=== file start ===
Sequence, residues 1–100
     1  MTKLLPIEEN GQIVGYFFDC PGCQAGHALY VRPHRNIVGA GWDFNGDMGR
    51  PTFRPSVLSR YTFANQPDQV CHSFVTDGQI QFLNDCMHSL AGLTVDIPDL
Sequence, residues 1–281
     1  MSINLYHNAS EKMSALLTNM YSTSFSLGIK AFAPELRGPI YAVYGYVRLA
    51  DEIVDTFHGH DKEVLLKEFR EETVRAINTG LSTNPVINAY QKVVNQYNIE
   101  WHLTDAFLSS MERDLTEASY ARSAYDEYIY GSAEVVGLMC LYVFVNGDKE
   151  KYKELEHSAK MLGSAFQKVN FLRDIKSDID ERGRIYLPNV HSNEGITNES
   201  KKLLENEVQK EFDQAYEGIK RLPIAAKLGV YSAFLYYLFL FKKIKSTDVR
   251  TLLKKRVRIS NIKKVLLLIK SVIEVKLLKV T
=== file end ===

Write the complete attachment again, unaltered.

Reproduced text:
Sequence, residues 1–100
     1  MTKLLPIEEN GQIVGYFFDC PGCQAGHALY VRPHRNIVGA GWDFNGDMGR
    51  PTFRPSVLSR YTFANQPDQV CHSFVTDGQI QFLNDCMHSL AGLTVDIPDL
Sequence, residues 1–281
     1  MSINLYHNAS EKMSALLTNM YSTSFSLGIK AFAPELRGPI YAVYGYVRLA
    51  DEIVDTFHGH DKEVLLKEFR EETVRAINTG LSTNPVINAY QKVVNQYNIE
   101  WHLTDAFLSS MERDLTEASY ARSAYDEYIY GSAEVVGLMC LYVFVNGDKE
   151  KYKELEHSAK MLGSAFQKVN FLRDIKSDID ERGRIYLPNV HSNEGITNES
   201  KKLLENEVQK EFDQAYEGIK RLPIAAKLGV YSAFLYYLFL FKKIKSTDVR
   251  TLLKKRVRIS NIKKVLLLIK SVIEVKLLKV T